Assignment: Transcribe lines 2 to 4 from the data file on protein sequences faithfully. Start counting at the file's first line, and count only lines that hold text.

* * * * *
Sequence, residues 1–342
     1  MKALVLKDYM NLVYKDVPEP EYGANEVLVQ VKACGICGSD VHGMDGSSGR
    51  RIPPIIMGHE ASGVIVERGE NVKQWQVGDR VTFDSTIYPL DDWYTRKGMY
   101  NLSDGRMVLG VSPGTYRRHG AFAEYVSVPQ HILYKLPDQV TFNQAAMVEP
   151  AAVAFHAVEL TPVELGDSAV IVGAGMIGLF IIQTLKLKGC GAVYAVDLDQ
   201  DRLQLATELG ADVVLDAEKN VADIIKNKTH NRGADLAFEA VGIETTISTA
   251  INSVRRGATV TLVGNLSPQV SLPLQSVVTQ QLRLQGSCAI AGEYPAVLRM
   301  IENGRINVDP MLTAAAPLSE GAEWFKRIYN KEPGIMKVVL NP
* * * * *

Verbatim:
     1  MKALVLKDYM NLVYKDVPEP EYGANEVLVQ VKACGICGSD VHGMDGSSGR
    51  RIPPIIMGHE ASGVIVERGE NVKQWQVGDR VTFDSTIYPL DDWYTRKGMY
   101  NLSDGRMVLG VSPGTYRRHG AFAEYVSVPQ HILYKLPDQV TFNQAAMVEP